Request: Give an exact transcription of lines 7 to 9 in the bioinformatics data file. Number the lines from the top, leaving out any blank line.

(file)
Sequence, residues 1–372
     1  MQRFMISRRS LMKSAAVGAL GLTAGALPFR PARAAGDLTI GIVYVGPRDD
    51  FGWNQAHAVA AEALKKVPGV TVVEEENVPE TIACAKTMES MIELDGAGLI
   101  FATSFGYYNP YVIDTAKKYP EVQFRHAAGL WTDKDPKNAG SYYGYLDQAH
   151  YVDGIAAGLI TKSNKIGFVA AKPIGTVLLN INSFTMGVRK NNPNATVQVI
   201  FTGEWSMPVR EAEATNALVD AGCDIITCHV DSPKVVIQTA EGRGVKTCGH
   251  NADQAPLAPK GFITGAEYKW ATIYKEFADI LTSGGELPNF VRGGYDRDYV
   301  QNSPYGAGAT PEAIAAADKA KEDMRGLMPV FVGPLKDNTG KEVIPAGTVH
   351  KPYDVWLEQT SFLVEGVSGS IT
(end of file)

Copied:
   251  NADQAPLAPK GFITGAEYKW ATIYKEFADI LTSGGELPNF VRGGYDRDYV
   301  QNSPYGAGAT PEAIAAADKA KEDMRGLMPV FVGPLKDNTG KEVIPAGTVH
   351  KPYDVWLEQT SFLVEGVSGS IT